Max 120's pack from June 2010
|Owner||Lorillard Tobacco Company|
|Tagline||"Say hello to Max", "Make friends with Max", "Wear A Max Today!"|
|Wikimedia Commons has media related to Max (cigarettes).|
Max was launched in 1975 to capitalize on what appeared to be a 120mm cigarettes phenomenon, and was Lorillard's answer to More and Saratoga brands. Sales of Max lagged behind these two brands throughout the 70s and early 80s, but they did do better than Tall 120s, Eve 120s, the Original Virginia Slims 120s (introduced in 1976, in Fresno, CA, and quickly discontinued), and Dawn 120s (also quickly discontinued).
Max maintained popularity over Eve 120s, Capri 120s, and Carlton 120s, but would lag behind Virginia Slims Luxury Lights 120s, introduced by Philip Morris in 1985, with a very aggressive advertising campaign targeting female smokers. Ultimately, in 1993, sales of Max cigarettes would falter a bit more, with the introduction of Misty, a bargain brand, and the only bargain brand which marketed a 120mm length.
Max cigarettes were produced only in a full flavour variety; lights or ultra-lights varieties were not available. They were packaged only in soft packs, and were available only in 120mm length. Both regular and menthol flavours were available.
Max cigarettes were introduced with an attractive packaging, as a slim all-white superlong, specifically catering to upscale, contemporary, and style-conscious female smokers. Max cigarettes were introduced under the Kent name, to capitalize on Kent parentage and subsequent strength, as well as well known perception of effective filtration. However, Max was not specifically introduced as an extension to the Kent line, in an effort to capitalize on Kent rejectors and non-Kent smokers. Intended for the most committed smokers, they had among the highest tar and nicotine content of all cigarette brands.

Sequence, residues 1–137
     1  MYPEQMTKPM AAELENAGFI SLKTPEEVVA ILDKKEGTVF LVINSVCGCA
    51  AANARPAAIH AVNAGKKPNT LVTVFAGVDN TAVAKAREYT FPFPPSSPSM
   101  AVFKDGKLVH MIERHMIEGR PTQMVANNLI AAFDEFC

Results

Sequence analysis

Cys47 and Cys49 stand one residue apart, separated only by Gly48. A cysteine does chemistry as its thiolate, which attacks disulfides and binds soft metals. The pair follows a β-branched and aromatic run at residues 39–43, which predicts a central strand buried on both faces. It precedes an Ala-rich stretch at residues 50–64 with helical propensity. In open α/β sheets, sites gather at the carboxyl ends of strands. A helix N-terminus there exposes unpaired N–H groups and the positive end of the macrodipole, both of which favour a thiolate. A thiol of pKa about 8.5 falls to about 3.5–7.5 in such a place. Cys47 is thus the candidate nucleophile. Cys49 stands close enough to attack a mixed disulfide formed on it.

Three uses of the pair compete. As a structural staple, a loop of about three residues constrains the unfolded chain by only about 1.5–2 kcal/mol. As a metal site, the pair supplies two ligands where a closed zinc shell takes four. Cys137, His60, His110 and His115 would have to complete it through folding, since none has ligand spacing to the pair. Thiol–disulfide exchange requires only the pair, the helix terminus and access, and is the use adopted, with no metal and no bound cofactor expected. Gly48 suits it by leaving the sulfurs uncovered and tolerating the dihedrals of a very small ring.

Eventually, sales flagged in the first decade of the 2000s as the total number of smokers declined and Lorillard marketed the cigarettes half-heartedly, making them difficult to obtain by devotees of the brand. Since Max served a small, niche market to begin with, the decline brought the death knell of the brand in the summer of 2010.
Lorillard made various advertising posters and billboards to promote the brand in the 1970s and 1980s. Ads from the 1970s featured stylish women who explained that "The longer they are, the fewer I smoke". Because the statement is completely false, the woman goes on to say, "It s wacky, but it works. Max 120 s take longer to smoke so you don t light up as often".
Other Max ads marketed the brand as sexy, comparing Max cigarettes to an attractive man named Max: "Say hello to Max" ads from 1975 read. "Hello long, lean and delicious". Another ad urged the consumer to "Make friends with Max". Still, other ads concentrated on the fashionable aspect of the cigarette, much like most women's cigarettes. These ads, which reached into the 1980s, presented the cigarette as an accessory for any outfit, featuring fashion-forward models under a slogan advising consumers to "Wear a Max today!". Further, these "Wear a Max" ads spoke to feminine concerns with beauty, claiming that the cigarette was long, lean and great looking, insinuating that by smoking an attractive cigarette, the smoker would be attractive, too.
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- "BrandMax - Cigarettes Pedia". www.cigarettespedia.com.
- "Max". www.zigsam.at.
- "Brands". www.cigarety.by.